If you don’t protect your brand, no one else will. When Oscar Wilde quipped that a cynic was ‘a man (sic) who knows the price of everything and the value of nothing’ he probably wasn’t thinking about branding.

Yet knowing the value of your brand is vital in delivering long-term commercial success. Increasingly in all walks of life, customers are looking to associate with brands that have real meaning for them beyond the core business purpose.

Some businesses absolutely get it, others don’t.

If you don’t love your brand, really love it and nurture and protect it – why should your customers?

Brand lovers

It might seem a little over the top to ask a business if they love their brand or not. But it is true that some organisations understand the critical importance of brand protection. Driving their business through their brand means their brand messaging is consistent, their brand look and feel is attractive and that their brand equity (logos, typefaces etc.) are legally protected.

Brand haters

Then other companies have – well to be frank – weak or indistinct brands. They do not stand out from the crowd because they’re a mishmash of everything and nothing, generic and or descriptive.

These are the brand haters, who see investment in their brand as a cost and nothing more.

Brand haters have a low emotional connection between themselves and their brands and ultimately with their customers. Ultimately, they fail to protect their brand. Haters have not figured out the true purpose and importance of a good brand in the first place. They think that anything spent on branding is money poured down the proverbial drain.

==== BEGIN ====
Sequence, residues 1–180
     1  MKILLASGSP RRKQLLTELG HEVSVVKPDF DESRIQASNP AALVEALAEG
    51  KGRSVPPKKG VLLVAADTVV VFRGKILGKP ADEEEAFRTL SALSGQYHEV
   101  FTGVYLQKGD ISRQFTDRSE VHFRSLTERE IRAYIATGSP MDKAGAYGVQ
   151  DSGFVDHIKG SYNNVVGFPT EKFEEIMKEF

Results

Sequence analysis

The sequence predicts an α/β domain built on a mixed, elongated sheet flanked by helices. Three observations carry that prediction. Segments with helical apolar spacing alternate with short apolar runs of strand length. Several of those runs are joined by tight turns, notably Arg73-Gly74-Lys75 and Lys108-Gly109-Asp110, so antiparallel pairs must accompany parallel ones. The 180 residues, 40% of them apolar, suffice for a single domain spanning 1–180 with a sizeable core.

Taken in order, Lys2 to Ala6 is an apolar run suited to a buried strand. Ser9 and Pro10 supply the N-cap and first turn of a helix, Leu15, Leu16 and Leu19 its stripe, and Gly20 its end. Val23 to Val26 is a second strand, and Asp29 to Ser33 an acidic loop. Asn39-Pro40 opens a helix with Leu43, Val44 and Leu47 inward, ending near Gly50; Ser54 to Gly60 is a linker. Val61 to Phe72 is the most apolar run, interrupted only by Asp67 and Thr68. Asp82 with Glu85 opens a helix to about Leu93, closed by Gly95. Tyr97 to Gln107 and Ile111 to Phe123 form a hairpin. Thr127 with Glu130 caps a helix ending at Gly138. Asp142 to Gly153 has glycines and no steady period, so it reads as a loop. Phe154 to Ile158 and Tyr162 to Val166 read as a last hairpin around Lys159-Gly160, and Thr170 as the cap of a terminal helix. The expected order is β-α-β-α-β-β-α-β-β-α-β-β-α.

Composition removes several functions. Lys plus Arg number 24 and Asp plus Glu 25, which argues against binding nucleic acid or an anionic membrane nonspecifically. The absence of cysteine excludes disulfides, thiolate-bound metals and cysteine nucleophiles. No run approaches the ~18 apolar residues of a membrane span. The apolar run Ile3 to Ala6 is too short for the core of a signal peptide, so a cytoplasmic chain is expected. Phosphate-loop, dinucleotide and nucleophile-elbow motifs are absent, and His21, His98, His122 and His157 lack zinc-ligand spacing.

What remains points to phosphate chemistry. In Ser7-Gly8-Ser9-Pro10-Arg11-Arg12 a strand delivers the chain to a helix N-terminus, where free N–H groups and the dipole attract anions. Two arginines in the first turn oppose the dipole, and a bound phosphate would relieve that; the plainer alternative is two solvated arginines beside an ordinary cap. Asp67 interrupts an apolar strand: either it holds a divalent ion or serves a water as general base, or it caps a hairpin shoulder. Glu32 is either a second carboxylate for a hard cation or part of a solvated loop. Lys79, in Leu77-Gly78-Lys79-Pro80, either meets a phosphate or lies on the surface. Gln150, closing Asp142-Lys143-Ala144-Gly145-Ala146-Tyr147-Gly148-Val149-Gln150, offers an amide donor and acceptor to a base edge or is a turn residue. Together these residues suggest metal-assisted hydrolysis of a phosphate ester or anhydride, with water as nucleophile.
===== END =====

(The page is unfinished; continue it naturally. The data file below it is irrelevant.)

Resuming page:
I had one prospect tell me that he chose the company name so that it would be top of any alphabetical list and had since never given the matter a second thought – or invested in his brand.

Protect your brand

How should you love your brand? I recommend five big-hearted tasks to protect your brand:

  • Bold: enforce your trade mark rights (before someone else does it)
  • Proud: let everybody know that your trade mark is registered by correctly displaying the ® symbol
  • Imaginative: don’t let your trade mark become generic. The brand should not become the common name for the products, or legal protection will be lost. Terms such as Sellotape, Thermos and Escalator all began life as trade marks
  • Different: you must not forget to renew your trade mark. A trade mark must be renewed on a ten-yearly cycle
  • Faithful: make sure that your registered trade marks reflect the current state of your trade mark usage as your brand develops and evolves. Most companies will refresh their brand from time to time; this means new logos, perhaps new product or service names are brought into play.

So, won’t you join me in my campaign to treat your brand correctly? C’mon say it loud and say it proud. I love my brand!

To get help to protect your brand: